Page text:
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‘Secure’ Backup Company Leaks 135 Million Records Online

‘Secure’ Backup Company Leaks 135 Million Records Online

A company claiming to provide “the world’s most secure online backup” leaked metadata and customer information in over 135 million records after misconfiguring an online database, Infosecurity has learned.

The team at vpnMentor discovered the privacy snafu as part of its ongoing web mapping project that has already uncovered major cloud data leaks at brands including Decathlon, PhotoSquared and Yves Rocher.

It was traced to Californian-headquartered SOS Online Backup, which claims to be a multi-award winning provider with 12 data centers around the globe. The firm was contacted on December 10 and again seven days later. Although it never replied to the researchers, the incident was mitigated on December 19.

“The exposed database contained over 135 million records, totalling almost 70GB of metadata related to user accounts on SOS Online Backup. This included structural, reference, descriptive, and administrative metadata covering many aspects of SOS Online Backup’s cloud services,” vpnMentor explained.

The trove also included PII such as names, emails, phone numbers, business details (for corporate customers) and account usernames.

“By exposing so much metadata and user PII, SOS Online Backup has made itself and its customers vulnerable to a wide range of attacks and fraud,” warned vpnMentor.

“This database could have been a goldmine for cyber-criminals and malicious hackers, with access to cloud storage highly sought after in the online criminal underworld.”

Aside from the impact of potential reputational damage on the firm, the incident could be investigated by Californian regulators of the new CCPA data protection law, as well as GDPR regulators, if EU citizens’ data is included.

“Finally, the exposed database showed the structure of their cloud-based backup technology, accounts’ systems, and how they work. Hackers could use this information to plan effective attacks and embed malicious software in their system,” vpnMentor suggested.

“This would allow them to steal customer data and files, or attack SOS Online Backup directly.”

Source: Information Security Magazine

OIG Lacks Confidence in FBI's Adherence to Woods Procedures

OIG Lacks Confidence in FBI's Adherence to Woods Procedures

The Office of the Inspector General (OIG) has said it lacks confidence that the Federal Bureau of Investigation is executing its Woods Procedures in line with FBI policy when applying for court permission to surveil people in the United States. 

The FBI implemented its Woods Procedures in 2001 following errors in numerous Foreign Intelligence Surveillance Act (FISA) applications submitted to the Foreign Intelligence Surveillance Court (FISC) in FBI counterterrorism investigations. The procedures, named for FBI agent Michael Woods, who helped devise them, require that every fact submitted in support of a wiretap application must be verified.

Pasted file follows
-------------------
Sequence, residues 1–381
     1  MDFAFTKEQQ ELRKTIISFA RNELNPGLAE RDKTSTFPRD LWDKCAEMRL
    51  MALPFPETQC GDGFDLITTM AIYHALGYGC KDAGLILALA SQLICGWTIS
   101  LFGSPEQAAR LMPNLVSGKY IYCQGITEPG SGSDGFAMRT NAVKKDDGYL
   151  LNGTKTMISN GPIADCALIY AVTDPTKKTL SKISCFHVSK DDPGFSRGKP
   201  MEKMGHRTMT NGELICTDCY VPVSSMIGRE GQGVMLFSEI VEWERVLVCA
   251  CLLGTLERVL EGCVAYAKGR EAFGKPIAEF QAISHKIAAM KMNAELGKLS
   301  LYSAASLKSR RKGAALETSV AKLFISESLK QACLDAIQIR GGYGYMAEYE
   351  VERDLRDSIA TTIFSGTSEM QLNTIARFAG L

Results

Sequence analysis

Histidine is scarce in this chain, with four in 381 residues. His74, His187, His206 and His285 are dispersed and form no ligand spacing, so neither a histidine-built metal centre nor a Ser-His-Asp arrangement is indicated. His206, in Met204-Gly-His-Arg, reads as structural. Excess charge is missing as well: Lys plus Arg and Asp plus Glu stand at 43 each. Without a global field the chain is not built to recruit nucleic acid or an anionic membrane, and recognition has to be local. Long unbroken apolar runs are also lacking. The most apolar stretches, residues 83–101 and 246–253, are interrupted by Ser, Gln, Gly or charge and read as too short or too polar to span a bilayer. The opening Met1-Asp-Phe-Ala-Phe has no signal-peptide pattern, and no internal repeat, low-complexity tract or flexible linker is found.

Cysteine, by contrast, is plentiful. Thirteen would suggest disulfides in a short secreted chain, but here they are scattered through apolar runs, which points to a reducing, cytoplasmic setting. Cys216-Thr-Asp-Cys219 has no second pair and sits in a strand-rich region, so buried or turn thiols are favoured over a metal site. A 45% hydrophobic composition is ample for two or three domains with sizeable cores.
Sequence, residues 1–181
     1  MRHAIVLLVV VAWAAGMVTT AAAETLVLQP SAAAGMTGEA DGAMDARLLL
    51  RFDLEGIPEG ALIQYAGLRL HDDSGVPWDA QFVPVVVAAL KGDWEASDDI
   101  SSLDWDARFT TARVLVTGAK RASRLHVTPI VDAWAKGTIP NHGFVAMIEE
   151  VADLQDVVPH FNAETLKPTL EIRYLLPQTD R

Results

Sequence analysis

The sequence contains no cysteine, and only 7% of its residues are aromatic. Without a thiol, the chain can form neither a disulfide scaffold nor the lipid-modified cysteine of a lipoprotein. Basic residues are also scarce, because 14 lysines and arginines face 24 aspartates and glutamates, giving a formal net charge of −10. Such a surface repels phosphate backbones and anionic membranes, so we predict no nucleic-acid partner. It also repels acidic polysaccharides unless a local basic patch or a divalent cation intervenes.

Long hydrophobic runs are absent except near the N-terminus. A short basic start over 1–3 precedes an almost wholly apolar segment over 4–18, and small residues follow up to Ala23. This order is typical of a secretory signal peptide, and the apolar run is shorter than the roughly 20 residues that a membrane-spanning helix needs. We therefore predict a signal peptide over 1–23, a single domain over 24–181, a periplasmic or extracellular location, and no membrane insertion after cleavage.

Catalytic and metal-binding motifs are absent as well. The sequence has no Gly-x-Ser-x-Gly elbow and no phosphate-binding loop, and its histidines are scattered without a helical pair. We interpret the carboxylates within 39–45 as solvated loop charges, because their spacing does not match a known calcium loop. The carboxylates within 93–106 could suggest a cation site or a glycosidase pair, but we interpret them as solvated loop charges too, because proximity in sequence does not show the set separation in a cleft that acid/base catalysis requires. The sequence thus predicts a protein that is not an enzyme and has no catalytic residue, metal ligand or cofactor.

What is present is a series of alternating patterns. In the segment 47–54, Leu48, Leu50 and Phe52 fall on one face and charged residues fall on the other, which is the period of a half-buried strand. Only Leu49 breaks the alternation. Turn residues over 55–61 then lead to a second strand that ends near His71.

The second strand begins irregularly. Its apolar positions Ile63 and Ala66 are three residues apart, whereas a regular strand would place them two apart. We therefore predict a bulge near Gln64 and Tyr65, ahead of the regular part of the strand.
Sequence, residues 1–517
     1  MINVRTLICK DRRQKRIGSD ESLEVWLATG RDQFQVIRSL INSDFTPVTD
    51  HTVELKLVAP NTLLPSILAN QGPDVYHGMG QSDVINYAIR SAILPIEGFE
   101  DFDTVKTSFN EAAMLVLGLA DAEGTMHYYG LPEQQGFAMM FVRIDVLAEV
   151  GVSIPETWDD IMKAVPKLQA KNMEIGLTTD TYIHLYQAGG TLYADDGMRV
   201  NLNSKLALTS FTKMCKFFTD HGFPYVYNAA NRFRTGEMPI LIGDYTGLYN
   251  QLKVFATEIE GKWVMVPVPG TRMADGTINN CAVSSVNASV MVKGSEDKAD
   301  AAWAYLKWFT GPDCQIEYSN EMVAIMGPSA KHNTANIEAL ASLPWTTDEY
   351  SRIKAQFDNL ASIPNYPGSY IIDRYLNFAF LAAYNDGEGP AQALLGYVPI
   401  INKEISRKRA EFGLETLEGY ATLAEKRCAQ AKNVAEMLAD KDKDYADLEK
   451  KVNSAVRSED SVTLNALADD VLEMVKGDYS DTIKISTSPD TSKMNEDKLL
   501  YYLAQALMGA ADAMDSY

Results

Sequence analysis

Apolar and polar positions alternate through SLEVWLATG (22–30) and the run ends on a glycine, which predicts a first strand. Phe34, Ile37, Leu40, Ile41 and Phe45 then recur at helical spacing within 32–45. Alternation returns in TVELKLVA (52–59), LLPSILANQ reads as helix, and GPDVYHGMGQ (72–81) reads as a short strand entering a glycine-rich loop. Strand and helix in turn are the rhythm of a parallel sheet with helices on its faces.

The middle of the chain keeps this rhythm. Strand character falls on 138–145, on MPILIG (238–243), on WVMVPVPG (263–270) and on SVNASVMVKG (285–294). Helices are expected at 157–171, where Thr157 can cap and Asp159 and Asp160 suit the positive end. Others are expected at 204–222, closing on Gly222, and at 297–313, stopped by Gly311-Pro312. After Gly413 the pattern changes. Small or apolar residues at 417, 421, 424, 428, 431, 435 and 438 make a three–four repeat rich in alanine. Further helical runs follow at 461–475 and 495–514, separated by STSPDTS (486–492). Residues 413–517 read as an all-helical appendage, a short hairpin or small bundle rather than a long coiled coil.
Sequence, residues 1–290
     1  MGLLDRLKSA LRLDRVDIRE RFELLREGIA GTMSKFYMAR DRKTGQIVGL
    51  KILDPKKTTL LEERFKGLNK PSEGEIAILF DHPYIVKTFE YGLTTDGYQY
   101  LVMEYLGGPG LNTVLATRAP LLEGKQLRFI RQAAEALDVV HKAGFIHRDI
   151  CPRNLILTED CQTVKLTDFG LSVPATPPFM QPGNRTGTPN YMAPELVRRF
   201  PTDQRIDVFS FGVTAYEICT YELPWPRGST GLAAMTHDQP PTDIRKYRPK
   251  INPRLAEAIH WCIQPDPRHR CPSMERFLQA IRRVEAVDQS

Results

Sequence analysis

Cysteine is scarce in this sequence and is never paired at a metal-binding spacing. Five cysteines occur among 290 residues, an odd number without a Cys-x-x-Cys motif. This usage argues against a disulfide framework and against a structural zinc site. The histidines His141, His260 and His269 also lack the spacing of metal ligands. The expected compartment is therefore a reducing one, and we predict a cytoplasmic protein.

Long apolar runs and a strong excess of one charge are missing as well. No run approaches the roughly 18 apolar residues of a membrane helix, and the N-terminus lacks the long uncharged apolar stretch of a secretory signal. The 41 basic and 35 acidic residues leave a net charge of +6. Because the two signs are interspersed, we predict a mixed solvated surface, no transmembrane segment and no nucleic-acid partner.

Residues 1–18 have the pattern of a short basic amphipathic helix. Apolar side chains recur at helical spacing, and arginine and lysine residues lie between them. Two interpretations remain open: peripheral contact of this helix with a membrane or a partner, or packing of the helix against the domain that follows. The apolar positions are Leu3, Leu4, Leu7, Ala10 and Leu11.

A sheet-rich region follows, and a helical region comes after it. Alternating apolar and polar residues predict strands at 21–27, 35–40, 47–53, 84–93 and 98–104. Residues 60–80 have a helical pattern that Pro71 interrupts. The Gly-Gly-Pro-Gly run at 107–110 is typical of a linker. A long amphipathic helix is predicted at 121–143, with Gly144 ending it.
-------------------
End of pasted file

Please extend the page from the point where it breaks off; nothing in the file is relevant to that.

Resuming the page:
FBI policy requires case agents who will be requesting the FISA application to create and maintain a "Woods File" that contains supporting documentation for every factual assertion contained in the application together with the results of required database searches and other verifications.

report published by the OIG on March 30 states that a recent audit of the FBI found that in some FISA applications, Woods Files had gone missing or may not have ever existed.

Over the past two months, auditors visited 8 FBI field offices and reviewed a judgmentally selected sample of 29 applications relating to US persons and involving both counterintelligence and counterterrorism investigations. 

The OIG report states that "we could not review original Woods Files for 4 of the 29 selected FISA applications because the FBI has not been able to locate them and, in 3 of these instances, did not know if they ever existed." 

In all 25 of the FISA applications the OIG were able to review, auditors identified errors or inadequately supported facts.

The OIG said: "For all 25 FISA applications with Woods Files that we have reviewed to date, we identified facts stated in the FISA application that were: (a) not supported by any documentation in the Woods File, (b) not clearly corroborated by the supporting documentation in the Woods File, or (c) inconsistent with the supporting documentation in the Woods File."

The auditors' findings led the OIG to conclude that the FBI's FISA applications were not as accurate as they should be.

"We believe that a deficiency in the FBI’s efforts to support the factual statements in FISA applications through its Woods Procedures undermines the FBI’s ability to achieve its 'scrupulously accurate' standard for FISA applications," stated the OIG.

Source: Information Security Magazine

OIG Lacks Confidence in FBI's Adherence to Woods Procedures

OIG Lacks Confidence in FBI's Adherence to Woods Procedures